Review by Inesa Vėlavičiūtė
A tribute to UNESCO’s International Dance Day and as part of Edinburgh’s Tradfest, the Pomegranates festival premiered in 2022, celebrating traditional dances from around the world and explored their connections to contemporary hip-hop. Curated by the Traditional Dance Forum of Scotland, a varied and inspiring programme was put together for the festival’s second edition this year, opening the festival weekend on 28 April 2023 with a dozen of thrilling dance workshops at St. Leonard’s Dance Studio, the University of Edinburgh. For those unable to attend in person, the livestream access worldwide enabled more happy feet to join in the fun.
Keeping the energy high throughout the day and an appetite for cross-cultural engagement, the participants found themselves in a rhythmic wonderland of 12 vibrant folk dances and melodies spanning almost all continents: Europe, Asia, Africa and the Americas. Wrapped in superb live music by the resident trad musicians Jon Bews (fiddle), Bernie Hewitt (accordion) and Nemo Ganguli (drums), the workshops invited dance practitioners and enthusiasts to embark on a rich movement journey, the unique aspects of which were captured on paper by the charcoal sketch virtuoso Gabriel Schmitz.
Led by over 30 local and international dance artists and choreographers based in Scotland, the event offered an opportunity to learn and appreciate their dances’ diverse cultural backgrounds as well as the historical, geographical and religious contexts they exist in. The introductions also reviewed how these affected the development of each dance and their evolving place within modern societies. After all, just as one would not understand a foreign language simply because it is human speech, one should not expect to understand foreign dance without some “translation”.
The explained and demonstrated basic dance steps and patterns gave the attendees a well-crafted gateway to experiencing each dance’s rhythmic qualities. Playing with the principles of movement, the participants explored many forms of folk dance art, including solo, couple and group routines, drawing parallels between the kinetic language of each, the stories they told and the social interactions they encompassed. The line-up showcased throughout the day included the following:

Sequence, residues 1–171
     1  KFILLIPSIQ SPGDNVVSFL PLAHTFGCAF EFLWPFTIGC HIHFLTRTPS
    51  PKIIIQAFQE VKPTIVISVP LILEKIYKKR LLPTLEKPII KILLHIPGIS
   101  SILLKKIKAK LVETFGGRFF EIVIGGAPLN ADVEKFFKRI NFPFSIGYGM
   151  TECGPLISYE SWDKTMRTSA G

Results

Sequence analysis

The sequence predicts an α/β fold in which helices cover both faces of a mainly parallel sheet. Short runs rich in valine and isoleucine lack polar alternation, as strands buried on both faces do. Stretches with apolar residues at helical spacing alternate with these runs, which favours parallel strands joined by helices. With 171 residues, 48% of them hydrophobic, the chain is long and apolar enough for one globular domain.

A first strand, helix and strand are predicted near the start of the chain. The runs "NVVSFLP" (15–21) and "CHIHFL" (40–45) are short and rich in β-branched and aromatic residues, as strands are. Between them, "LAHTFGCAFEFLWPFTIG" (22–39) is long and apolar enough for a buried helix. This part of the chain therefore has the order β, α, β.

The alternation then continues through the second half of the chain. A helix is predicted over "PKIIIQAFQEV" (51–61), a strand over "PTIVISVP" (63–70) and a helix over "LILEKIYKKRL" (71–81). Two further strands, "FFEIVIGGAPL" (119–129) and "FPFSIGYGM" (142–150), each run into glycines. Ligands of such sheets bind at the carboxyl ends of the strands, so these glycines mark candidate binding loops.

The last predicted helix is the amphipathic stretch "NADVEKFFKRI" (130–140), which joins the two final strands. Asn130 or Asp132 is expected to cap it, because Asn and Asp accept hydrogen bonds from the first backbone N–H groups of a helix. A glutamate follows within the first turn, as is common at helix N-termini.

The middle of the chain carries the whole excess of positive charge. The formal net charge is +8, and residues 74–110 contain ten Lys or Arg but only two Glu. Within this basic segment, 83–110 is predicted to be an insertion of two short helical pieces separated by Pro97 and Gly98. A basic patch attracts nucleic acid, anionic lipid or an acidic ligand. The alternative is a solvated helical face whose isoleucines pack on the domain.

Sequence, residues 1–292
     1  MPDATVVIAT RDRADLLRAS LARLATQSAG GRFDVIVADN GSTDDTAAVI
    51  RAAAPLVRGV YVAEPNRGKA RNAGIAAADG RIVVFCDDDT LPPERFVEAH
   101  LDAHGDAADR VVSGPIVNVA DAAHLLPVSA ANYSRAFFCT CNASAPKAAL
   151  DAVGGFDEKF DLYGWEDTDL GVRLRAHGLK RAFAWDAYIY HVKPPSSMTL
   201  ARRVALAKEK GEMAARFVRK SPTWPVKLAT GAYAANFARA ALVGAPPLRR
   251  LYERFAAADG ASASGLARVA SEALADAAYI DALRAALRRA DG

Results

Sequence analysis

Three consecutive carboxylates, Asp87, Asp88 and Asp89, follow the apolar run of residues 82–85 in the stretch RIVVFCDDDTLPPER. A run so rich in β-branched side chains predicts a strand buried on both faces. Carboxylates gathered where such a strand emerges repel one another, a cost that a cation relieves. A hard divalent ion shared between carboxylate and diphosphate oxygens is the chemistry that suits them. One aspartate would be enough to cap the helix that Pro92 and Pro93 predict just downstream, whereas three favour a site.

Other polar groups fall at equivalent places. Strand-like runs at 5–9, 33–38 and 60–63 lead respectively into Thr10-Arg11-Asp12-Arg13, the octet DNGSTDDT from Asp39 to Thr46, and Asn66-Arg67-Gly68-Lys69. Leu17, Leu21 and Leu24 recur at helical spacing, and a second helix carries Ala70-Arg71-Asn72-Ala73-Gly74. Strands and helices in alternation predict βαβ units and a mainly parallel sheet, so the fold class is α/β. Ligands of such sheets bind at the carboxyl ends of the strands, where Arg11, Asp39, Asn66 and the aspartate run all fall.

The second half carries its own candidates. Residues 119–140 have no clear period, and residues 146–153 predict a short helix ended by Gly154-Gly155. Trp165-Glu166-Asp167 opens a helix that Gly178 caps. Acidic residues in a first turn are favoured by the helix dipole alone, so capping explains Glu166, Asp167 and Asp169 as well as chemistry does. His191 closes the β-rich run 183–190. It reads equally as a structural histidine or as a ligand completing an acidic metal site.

Old Time dances, Scotland with Pia Walker and Bernie Hewitt (accordion)
Ukrainian folk dance with Oksana Saiapina and Anastasiia Boiko
Romanian folk dance with Colin Mclennan and Bernie Hewitt (accordion)
Pizzica Pizzica dance, Southern Italy with Lara Russo and Michela Furin (also tambourine) of Italian Folk Connections, Edinburgh
Mongolian Chopstick dance with Yifeng Zhu
Romani Gypsy dance, Poland with Sonia Michalewicz (also vocals), Malwina Siwak, Kasia Siwak and Blanka Michalewicz of Romane Cierhenia, Glasgow
Indian Classical Bharatnatyam dance with Oxana Banshikova and Sahana Lakshmi Venkatesh (vocals) of Cosmic Dance, Edinburgh
The Bon dance, Japan with Heather Rikic and Junko Inaba
Yankadi dance, Zambia with Chinyanta Kabaso and Nemo Ganguli (drums)
Costa Rican traditional dance with Marianella Desanti of DansEd, the University of Edinburgh
Hip hop with Congolese roots with Kemono L Riot and Nemo Ganguli (drums)
Maintaining a focus on the interplay and subtleties of the expertly processed movements and the organic synchronicity based on rhythmic stepping, the Rapper Sword dance and dances from Ukraine and Romania dazzled with their technique of the intricate footwork and the breath-taking vigour of the dancer’s body at work. Other energetic dances with stylised footwork and infectious energy included Yankadi dance from Zambia, Romani Gypsy and Costa Rican traditional dances. Explosive, playful and sensual, they delivered a stream of intensely expressive sensations, deepening the body and mind’s ability to tune into micro-moments of wild harmony, the ebb and flow of the movements. Though choreographed, they felt spontaneous at the same time.